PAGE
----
Ministry of Defence, C1940
Dimensions: 6cm x 6cm
Materials: Metal and fabric
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This Distinguished Flying Cross (DFC) medal was awarded to Wing Commander Robert ‘Bob’ Doe, who was a Battle of Britain pilot.
The medal is the second from the left in a row of nine medals that were awarded to him. The medal is an ornate silver cross, about 6cm in width and height. In the circular centre of the cross are the initials ‘RAF’, outlined by a rose. The rose is surrounded by a laurel wreath, with a crown positioned at the top. The horizontal arms of the cross to the left and right of the central RAF initials are engraved with wings, as is often traditional for RAF insignia. The medal is attached to a purple and white diagonally striped ribbon by a horizontal silver bar which is engraved with a sprig of laurel. Pinned onto the ribbon towards the top is another horizontal silver bar, which is narrower than the one at the bottom of the ribbon. This silver bar signifies that Bob Doe was awarded the Distinguished Flying Cross medal twice.
The Distinguished Flying Cross was awarded to RAF officers for acts of bravery whilst flying in active service against the enemy. Wing Commander Bob Doe was awarded the DFC medal for the first time in October 1940 during the Battle of Britain, for “displaying great courage” and destroying nine enemy aircraft. He was commended for showing “outstanding dash and an eagerness to engage the enemy at close quarter”. Just five weeks later, in November 1940, he was awarded the DFC for a second time. Doe was praised for a vertical dive through enemy aircraft in order to attack two four-engined enemy aircraft directly.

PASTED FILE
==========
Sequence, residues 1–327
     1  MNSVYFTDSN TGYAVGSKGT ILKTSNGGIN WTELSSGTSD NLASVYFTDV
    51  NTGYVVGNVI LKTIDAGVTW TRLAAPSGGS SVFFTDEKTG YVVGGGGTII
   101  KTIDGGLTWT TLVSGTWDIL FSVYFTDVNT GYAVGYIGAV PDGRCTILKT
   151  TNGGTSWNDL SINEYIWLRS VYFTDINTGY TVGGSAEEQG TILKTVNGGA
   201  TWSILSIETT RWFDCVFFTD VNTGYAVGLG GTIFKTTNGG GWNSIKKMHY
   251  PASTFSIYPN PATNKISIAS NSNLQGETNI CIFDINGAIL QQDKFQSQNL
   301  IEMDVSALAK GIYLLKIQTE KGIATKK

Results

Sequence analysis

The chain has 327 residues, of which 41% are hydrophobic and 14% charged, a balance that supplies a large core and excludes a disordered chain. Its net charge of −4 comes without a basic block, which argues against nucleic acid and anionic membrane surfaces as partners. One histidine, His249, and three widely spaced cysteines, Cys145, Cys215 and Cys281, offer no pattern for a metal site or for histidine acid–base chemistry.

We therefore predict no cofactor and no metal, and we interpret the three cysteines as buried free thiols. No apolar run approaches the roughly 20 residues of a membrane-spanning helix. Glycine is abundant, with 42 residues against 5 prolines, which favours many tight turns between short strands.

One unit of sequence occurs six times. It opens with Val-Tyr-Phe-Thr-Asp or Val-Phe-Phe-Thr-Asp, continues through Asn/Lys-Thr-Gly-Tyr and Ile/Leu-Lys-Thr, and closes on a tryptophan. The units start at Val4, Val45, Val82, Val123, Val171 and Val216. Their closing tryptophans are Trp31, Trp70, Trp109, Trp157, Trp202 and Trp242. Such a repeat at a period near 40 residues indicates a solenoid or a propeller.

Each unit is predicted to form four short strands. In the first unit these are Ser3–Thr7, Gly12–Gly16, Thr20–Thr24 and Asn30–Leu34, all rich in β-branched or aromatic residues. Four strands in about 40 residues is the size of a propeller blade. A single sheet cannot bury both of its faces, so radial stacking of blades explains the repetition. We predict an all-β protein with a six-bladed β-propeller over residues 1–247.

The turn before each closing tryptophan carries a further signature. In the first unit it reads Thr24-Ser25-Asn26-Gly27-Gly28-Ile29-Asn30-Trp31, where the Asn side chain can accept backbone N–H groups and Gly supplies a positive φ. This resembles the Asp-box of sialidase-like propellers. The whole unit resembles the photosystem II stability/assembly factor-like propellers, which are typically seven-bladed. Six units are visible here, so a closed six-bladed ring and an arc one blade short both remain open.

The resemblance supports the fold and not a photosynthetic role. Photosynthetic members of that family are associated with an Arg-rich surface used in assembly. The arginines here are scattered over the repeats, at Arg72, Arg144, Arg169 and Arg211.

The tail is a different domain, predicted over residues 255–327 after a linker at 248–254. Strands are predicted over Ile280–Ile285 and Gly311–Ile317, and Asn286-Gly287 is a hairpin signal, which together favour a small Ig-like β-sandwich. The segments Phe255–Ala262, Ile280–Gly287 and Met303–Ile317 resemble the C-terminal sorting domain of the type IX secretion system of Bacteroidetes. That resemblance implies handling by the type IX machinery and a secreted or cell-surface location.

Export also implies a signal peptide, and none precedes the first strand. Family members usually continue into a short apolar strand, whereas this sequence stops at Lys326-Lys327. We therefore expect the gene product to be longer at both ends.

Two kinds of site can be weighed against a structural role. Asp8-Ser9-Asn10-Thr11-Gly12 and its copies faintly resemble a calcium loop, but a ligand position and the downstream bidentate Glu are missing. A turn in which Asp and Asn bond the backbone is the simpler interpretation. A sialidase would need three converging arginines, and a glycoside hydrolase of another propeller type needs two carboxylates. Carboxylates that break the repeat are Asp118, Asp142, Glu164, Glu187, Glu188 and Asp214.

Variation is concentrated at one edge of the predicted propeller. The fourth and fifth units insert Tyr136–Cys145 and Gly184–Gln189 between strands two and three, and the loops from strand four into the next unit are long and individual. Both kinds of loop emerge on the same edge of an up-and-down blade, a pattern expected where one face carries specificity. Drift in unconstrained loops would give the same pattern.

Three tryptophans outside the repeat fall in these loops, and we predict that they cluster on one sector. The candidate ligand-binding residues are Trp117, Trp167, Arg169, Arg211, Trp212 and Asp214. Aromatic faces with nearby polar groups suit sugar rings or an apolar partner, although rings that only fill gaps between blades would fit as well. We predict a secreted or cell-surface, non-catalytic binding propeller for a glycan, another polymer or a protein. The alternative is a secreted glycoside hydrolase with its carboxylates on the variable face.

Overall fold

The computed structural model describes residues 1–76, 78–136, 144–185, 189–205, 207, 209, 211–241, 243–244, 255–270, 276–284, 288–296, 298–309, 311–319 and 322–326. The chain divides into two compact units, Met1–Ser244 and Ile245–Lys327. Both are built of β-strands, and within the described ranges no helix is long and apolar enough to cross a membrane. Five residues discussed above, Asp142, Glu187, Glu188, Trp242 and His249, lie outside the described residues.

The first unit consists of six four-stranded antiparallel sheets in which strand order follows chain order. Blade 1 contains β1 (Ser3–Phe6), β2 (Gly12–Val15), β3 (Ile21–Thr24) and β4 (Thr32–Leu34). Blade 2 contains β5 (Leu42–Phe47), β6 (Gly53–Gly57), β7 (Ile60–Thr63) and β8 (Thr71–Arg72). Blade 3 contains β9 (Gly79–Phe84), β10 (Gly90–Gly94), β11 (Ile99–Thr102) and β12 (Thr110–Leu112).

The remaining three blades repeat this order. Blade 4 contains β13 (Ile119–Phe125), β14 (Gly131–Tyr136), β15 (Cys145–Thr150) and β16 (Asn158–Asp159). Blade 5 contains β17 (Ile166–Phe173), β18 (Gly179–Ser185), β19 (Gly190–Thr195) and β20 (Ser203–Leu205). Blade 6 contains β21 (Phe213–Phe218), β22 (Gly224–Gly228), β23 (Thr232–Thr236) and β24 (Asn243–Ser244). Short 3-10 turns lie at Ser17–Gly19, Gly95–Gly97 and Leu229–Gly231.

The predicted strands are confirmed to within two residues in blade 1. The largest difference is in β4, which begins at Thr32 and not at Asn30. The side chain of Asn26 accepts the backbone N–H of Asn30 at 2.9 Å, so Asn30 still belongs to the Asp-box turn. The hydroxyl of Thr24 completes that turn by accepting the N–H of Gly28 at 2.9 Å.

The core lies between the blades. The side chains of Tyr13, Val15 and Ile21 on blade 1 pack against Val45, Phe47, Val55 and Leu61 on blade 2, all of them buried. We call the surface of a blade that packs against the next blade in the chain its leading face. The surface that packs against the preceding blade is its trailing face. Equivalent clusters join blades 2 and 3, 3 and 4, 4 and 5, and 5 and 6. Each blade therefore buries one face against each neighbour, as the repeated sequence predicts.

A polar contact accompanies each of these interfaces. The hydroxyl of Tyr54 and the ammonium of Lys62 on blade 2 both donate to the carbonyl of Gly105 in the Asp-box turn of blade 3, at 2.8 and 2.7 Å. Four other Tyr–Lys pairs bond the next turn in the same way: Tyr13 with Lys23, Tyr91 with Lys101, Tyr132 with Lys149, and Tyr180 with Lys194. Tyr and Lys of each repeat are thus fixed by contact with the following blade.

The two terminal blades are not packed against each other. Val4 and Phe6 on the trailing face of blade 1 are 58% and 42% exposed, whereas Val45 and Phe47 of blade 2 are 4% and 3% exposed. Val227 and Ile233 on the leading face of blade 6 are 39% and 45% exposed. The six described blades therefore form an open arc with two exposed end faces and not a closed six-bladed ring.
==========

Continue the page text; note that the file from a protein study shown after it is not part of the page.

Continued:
Bob Doe was just 19 when he joined the RAF in 1939. He fought in the Battle of Britain, and flew both Hurricanes and Spitfires. He is recorded as being the third highest scoring Ace of the Battle of Britain.
He was injured in two separate flying accidents between October 1940 and January 1941 and had to undergo lengthy surgery before returning to operations in May 1941. Later in the war he was posted to the Far East and fought in Burma. He remained in the RAF after the end of the Second World War, before retiring in 1966.